7th - If unboosted and with out valves you will need TWO lines to every control surface - just like you need a two cable parts going there and back. Only push/pull will require only one item per surface...

8th - Your system would work just like a motorcycle brake with custom actuators on the other end, basically replicating your hand-grip hydraulics (if you want a 1:1 transfer of motion, otherwise adjust as required).....incl. the hydraulic reservoirs, I think these could be ganged together. Redundancy: if one line fails you have 1/2 the control available...unlike a broken cable... - if your design self-centers the control surface, you have one of the two displacement directions available..

9th - Control feedback and feel - in a lite aircraft - nice, ...or not! I wish the R22 had hydraulics to stop the shaking of the stick - ....well, I really don't care anymore, hardly ever get into one...
IF you have boosted hydraulics in an aircraft, it usually takes away ANY feedback from the rotorsystem or control-surface system!! That's how they are designed!! IF you feel feedback - you have either overpowered the design control force (too heavy, too hard maneuvering) or you have lost your hydraulics! NO control feedback in normal operation!
Your "feel" comes from your body - being attached to the airframe - you feel what the airfram does!! And that's what you want....
It is a change to having light controls all the time! .... from getting heavier controls as speed and maneuvers increase!
(Mind you - in the above simple, non-boosted system you still feel the control-surface feedback!!)

I have ..."some time" in helicopters and am used to fly without "moving the controls, but applying pressure to the controls" - by nature most helicopters are rather sensitive on the controls - compared to airplanes.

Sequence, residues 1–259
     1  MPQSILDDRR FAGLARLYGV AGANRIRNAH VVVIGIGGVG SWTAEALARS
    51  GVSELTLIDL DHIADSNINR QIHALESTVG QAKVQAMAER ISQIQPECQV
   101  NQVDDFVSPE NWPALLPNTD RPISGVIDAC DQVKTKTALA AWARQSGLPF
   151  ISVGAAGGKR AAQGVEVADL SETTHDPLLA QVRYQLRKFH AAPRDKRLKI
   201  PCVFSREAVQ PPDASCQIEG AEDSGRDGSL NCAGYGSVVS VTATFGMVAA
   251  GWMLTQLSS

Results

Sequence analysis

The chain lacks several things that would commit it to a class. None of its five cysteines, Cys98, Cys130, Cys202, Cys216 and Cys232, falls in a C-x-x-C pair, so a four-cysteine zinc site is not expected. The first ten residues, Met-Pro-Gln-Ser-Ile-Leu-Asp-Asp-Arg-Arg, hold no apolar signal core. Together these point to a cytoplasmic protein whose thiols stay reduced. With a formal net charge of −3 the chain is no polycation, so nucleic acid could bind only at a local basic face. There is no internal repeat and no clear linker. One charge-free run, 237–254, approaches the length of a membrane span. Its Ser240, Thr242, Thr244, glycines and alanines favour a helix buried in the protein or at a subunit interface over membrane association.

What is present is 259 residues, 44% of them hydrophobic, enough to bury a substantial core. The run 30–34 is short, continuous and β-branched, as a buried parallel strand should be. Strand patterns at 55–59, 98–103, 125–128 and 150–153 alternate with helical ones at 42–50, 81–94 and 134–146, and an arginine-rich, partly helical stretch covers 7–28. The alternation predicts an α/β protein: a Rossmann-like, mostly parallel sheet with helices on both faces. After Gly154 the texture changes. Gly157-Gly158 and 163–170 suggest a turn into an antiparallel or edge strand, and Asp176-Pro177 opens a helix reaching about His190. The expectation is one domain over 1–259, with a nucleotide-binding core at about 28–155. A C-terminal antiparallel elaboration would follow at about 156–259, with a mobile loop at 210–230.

The only one I had a chance to control for a few minutes and that approached helicopter-sensitivity was a Glassair III - what a plane!! Point it where you want to go and it goes right there - a little right pressure and you roll, a little more pressure and you roll all the way around!

10th- P-34: I understand where you come from and what you know about hydraulics - I agree!
However - I assume we also agree - heavy machinery hydraulics are not going to work in a light airplane!!

11th - Pilot-34, IF you seriously want to use hydraulics in a small aircraft - I suggest you build a test rig and work it out! Maybe you want to do that anyway, just as a project!!

12th: IF it was me, I would try the utmost to go with push/pull where possible!! Once a well maintained push/pull system definitely fails - ...it doesn't matter anymore, it will likely be the last thing to fail on that airplane...
THOUGH - coming from helicopters, I sometimes shudder seeing small plane control connections!
I'd insist in double horns (forks) throughout, no sideloads possible....
Try with sealed bearings, if these have too much friction in the seals, I'd pull the seals, have me distanced covers made on a lathe, and get some superhyper-grease and check them periodically... On something like a BD-4 that would be a "quick check"....
(I was used to grease more than a 100 zerks every day - incl. seperate oil-zerks for the TR-shaft...Alouette III and Lama)

I appreaciate your "hydraulic inspiration" - always great to get to discuss a different approach...


Now - about that "adjustable canard incident angle to maximize efficiency"....


Cheers,

thjakits